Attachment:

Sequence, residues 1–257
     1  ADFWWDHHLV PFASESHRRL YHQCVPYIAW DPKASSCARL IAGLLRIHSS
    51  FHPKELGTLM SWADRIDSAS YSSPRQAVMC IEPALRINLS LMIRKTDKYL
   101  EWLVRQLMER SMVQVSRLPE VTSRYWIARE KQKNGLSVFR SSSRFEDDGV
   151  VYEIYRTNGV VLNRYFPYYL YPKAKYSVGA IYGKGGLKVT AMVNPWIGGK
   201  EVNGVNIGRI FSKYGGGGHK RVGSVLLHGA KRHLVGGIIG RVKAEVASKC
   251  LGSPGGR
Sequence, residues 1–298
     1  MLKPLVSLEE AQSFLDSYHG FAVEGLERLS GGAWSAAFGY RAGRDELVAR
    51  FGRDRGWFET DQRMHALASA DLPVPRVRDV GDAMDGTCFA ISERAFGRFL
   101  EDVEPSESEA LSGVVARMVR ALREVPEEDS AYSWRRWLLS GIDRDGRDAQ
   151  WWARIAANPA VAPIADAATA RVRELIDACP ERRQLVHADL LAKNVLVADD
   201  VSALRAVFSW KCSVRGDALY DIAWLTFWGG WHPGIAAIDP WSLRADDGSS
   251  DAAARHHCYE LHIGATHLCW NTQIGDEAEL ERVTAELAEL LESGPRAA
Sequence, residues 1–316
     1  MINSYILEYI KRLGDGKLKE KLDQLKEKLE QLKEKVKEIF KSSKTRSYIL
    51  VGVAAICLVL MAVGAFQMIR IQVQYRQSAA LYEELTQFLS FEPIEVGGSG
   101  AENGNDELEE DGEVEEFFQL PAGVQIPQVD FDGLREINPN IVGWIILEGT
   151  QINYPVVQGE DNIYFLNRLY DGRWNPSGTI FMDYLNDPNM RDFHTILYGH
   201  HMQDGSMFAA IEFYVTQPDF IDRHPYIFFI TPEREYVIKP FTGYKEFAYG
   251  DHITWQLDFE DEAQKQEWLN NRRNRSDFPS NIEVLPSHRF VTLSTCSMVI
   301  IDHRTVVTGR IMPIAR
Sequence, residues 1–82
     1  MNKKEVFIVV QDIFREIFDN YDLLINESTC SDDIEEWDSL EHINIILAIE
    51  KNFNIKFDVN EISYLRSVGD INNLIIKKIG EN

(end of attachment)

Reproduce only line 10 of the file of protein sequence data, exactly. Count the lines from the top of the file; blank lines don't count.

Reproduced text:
    51  FGRDRGWFET DQRMHALASA DLPVPRVRDV GDAMDGTCFA ISERAFGRFL